My hope is that the world would be willing to take a closer and more honest look at you. This cannot happen without adoptee voices. There are some who live more in your shadow than in your light. The more adoptees who speak up, the more accurate an image we will have of you. You are a mosaic of diverse experiences, both positive, negative, and shades of grey in between. The first image of the moon’s far side was not relayed to Earth until 1959 by a Russian space probe. May adoptee voices continue to be the satellites relaying their lived experiences to paint the portrait of who you are. The real you.



    • Your expression of your deep feelings of hurt, uncertainty and abandonment are very powerful and important to share. Our daughter is adopted from China, so will never have any information to fill that void. However you cannot make any judgements regarding your birth parents. You have no idea of the situation they were going through, or of the loss they or may not feel at this time or in the past. It is great you can express your very valid feelings but cannot project them on anyone if you know nothing about them.


  1. Thank you, Mary, for sharing your thoughtful perspective of the abandoned, closed order/sealed documents adoption. It advises to some what the system of adoption does and too often does not do while confirming to others that having angst, wanting to regain OUR identities instead of accepting the court-ordered one we are involuntarily manacled with. Whether ‘domestic’ or ‘international’ most, it not all, adoption protocols/regulations/agents highlight a very false face to the public while insisting that the adoptee who cries foul is not only ingrate, but incorrigible.

    Your words also highlight the fact of siblings and family that even may adoptees don’t consider having been stolen from them along with their origins, nerver mind the non-adoptees who follow DA.. I am sure that you, like me and many others hope that our narratives will encourage those reading to share their stories.

    Inch’Allah (Arabic for God willing) you will discover at least some of your earlier origins and a sibling or cousin and maybe even a birth parent-all who will embrace you and give you a sense of belonging.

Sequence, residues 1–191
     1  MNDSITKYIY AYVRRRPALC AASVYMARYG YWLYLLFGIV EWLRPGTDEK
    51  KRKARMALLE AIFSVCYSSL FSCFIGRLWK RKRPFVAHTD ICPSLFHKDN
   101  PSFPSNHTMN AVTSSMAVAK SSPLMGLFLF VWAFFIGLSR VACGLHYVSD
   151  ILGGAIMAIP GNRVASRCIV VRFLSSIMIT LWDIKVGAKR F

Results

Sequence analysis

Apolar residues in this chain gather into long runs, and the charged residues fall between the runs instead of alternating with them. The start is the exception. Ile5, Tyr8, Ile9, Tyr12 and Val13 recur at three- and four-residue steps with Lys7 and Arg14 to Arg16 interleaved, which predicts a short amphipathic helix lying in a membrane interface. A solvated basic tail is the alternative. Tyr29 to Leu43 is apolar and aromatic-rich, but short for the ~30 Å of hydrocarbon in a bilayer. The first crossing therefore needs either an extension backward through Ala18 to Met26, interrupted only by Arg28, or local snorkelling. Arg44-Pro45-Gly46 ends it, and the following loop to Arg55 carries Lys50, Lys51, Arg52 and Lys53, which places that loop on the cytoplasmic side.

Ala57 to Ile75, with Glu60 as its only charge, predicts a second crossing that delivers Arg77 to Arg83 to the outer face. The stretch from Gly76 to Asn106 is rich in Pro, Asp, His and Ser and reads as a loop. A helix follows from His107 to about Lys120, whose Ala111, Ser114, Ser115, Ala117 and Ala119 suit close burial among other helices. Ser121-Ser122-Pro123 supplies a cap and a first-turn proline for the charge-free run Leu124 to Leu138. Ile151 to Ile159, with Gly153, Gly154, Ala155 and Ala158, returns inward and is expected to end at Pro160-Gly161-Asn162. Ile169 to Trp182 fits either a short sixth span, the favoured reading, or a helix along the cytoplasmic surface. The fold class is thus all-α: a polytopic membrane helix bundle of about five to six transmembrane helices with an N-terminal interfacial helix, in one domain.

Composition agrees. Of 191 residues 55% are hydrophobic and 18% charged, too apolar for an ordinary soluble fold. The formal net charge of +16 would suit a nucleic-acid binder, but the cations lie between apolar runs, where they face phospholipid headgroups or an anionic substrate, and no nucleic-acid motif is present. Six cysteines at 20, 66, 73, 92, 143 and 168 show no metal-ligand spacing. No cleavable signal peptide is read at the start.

2. My heart feels heavy for all the adoptees who have not yet reached this plateau of growth in their quest. Keep climbing…the summit is just ahead, and we are all behind you to help and support.


  3. I too was adopted, felt all these things. And seventeen years ago I searched for and found my birth mother. Now I know My Truth. And we are very good friends, she and I, AND the other six children she went on to have after me, after she finished growing up, and married. The Saga Continues.


  4. I am really moved by your words. Thank you. I find it so difficult to express exactly what the ‘problem’ about adoption is with so mixed and contradicting feelings.

    You put it so well.

    And I agree – we need more adoptees to speak up.

    All the best from Denmark


  5. Thank you Mary. This was an excellent read…I especially like the line… “a “happily ever after” story that politely asks to erase the “once upon a time.”


  6. Wow! I have no words for this unbelievably raw poetic compilation of feelings. I am the mother of an adoptee that I believe feels & felt this exact same way. 😥


  7. My sister in law was adopted from Korea when she was a child and raised in the states. My husband is also adopted from birth. He has a relationship with his birthmom but his birthfather wants nothing to do with him. However his birthfathers family does but we have not made that leap to meet them. I am also a birthmom to an almost 3 year old who I have an open adoption with. I wish you well in your search and reading this made me wonder what my husband and my son will feel or felt. Xoxoxo


  8. From an international adoptive parent of two Colombian children, I can only offer this perspective: we loved you the best we knew how. Everyone has their crosses and back story to bear. My infertility made me a better mother. Perhaps your feeling of abandonment will do that for you as well. It’s your choice what to dwell upon and celebrate.